Check out the opening reception for a Rasmussen Art Gallery show. Several times a quarter, a new exhibit opens at the college’s on-campus art gallery, which often features students, faculty, and other local artists. The opening reception is a chance to meet the artists, mingle with other guests, and enjoy some tasty snacks while appreciating the talent on display.

Get a job on-campus. One of the advantages of getting a student job at PUC is being able to put your earnings towards your school bill. Another advantage is it introduces you to people you might not otherwise get to meet!

Don’t be afraid of getting outside your comfort zone and trying something new once you’re in college; you might surprise yourself and learn something new, and make a few new friends as well!

 

PUC Biology Professor Floyd Hayes Scales Matterhorn

By Sarah Tanner

Since 1865, over 500 people have died climbing the Matterhorn. Dr. Floyd Hayes was almost one of them. From August 24 to 26, the Pacific Union College professor and resident rock climber took on Europe’s 14th highest peak, only to be caught in a near-whiteout snowstorm on the way down.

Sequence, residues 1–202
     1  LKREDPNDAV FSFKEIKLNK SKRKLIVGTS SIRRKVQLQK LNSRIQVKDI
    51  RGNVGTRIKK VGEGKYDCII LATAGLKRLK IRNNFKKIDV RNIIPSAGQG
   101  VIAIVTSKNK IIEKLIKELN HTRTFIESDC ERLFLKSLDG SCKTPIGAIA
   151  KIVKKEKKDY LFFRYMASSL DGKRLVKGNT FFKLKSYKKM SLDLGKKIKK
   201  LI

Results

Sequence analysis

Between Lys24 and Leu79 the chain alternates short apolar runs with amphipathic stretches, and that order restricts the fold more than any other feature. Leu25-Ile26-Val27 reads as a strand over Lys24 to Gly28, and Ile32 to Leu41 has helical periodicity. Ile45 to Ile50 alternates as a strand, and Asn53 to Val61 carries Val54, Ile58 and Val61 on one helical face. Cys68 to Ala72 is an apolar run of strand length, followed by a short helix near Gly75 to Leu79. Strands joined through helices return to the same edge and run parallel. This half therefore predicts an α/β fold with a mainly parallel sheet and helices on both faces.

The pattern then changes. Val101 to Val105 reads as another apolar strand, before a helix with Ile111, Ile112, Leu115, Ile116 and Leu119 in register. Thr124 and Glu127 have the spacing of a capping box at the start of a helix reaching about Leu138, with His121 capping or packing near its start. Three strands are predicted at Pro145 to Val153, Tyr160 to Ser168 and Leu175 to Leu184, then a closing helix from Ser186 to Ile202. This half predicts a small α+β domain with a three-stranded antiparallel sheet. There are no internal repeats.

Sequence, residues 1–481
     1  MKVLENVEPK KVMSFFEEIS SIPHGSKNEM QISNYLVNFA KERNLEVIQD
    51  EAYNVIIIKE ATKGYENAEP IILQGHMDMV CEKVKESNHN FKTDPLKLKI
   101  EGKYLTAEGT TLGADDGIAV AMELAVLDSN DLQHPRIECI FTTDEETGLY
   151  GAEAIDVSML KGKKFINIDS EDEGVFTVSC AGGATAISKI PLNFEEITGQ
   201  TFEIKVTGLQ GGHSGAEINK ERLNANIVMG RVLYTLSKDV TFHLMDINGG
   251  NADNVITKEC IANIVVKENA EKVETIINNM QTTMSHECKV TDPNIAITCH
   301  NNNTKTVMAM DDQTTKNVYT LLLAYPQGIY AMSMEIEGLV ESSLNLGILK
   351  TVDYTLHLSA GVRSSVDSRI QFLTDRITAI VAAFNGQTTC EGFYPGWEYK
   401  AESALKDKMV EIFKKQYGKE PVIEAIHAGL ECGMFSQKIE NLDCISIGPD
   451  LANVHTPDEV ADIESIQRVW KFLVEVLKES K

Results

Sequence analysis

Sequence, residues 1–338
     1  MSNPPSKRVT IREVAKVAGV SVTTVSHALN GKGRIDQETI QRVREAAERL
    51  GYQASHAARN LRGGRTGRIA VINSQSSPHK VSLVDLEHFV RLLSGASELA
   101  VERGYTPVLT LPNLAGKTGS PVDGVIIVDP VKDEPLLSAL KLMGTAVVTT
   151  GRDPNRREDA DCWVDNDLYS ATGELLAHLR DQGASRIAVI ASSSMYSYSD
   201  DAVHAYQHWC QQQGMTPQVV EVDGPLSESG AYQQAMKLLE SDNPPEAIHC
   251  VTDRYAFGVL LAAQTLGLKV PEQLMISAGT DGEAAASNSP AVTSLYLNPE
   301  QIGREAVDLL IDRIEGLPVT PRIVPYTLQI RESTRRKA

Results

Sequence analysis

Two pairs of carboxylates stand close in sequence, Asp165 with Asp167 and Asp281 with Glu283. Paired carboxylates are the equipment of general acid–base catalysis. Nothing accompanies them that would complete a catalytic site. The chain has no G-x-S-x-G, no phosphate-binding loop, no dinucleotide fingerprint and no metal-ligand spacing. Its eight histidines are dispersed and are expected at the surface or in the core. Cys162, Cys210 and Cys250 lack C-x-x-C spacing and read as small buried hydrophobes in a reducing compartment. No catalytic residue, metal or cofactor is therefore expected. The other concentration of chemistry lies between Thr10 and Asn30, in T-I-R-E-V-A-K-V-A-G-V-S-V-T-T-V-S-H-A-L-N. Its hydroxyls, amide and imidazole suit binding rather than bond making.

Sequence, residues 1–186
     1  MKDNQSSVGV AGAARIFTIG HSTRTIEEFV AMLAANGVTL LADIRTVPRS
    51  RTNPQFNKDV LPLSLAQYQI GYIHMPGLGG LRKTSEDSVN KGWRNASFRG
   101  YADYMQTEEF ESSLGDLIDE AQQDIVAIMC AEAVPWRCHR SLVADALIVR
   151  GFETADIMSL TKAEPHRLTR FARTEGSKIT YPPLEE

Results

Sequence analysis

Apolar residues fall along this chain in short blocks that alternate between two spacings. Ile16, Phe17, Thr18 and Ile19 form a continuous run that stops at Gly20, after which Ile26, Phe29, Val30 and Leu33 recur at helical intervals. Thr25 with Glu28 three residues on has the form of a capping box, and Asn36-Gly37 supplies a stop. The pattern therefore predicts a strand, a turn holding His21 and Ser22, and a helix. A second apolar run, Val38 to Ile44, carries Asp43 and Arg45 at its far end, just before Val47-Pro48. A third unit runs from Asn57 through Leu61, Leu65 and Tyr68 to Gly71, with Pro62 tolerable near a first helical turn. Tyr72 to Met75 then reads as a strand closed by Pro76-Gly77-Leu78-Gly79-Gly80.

Hayes teaches biology and environmental studies at PUC. In conjunction with quarterly classes, he also conducts student trips to locations around the world including Alaska, Micronesia, Fiji, Panama, Brazil, Trinidad and Tobago, Paraguay, and Kenya. It is safe to say the professor is quite the explorer. Along with former PUC professor of mathematics, Roy Benton, Hayes expanded his travels this summer when he flew to the town of Zermaat in Switzerland in preparation to climb the Matterhorn.

Hayes and Benton have been climbing together for years, and the decision to climb Matterhorn came naturally to the two adventurers. To prepare for the roughly 14,700-foot ascent, the professors made a number of solo preliminary hikes as well as a joint two-day ascent of Switzerland’s Breithorn shortly before their Matterhorn ascent.